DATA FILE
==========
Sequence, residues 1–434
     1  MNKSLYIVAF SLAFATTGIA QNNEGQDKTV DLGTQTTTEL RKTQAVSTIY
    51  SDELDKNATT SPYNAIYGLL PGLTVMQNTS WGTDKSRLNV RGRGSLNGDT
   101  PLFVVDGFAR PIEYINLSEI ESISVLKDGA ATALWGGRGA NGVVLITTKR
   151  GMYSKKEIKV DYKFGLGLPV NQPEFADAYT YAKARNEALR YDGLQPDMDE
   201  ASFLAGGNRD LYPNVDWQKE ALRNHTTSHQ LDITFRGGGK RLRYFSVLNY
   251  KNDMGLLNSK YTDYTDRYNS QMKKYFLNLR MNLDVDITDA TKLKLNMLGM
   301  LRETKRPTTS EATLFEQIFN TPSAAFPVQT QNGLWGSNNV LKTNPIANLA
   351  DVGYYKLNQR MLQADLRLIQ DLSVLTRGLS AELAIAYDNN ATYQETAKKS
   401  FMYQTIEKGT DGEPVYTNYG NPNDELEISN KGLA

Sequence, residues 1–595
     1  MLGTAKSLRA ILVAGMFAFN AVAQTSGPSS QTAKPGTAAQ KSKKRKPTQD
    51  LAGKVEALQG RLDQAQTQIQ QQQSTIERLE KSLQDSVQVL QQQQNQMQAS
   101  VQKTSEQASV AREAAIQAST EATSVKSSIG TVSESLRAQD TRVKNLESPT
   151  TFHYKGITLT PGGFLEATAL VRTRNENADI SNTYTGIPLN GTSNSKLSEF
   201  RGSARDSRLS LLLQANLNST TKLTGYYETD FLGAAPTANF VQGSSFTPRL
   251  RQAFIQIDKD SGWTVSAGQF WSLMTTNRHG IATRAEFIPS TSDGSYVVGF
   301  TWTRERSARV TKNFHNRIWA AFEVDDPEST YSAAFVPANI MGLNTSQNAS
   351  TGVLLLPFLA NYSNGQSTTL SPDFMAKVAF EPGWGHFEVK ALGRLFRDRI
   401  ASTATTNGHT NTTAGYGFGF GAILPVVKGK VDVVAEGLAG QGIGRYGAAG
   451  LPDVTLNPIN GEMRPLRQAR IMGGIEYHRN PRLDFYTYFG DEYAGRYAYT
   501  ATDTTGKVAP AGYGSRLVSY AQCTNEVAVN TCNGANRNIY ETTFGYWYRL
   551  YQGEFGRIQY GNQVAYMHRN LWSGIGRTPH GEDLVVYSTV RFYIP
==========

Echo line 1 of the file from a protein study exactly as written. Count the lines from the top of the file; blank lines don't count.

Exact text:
Sequence, residues 1–434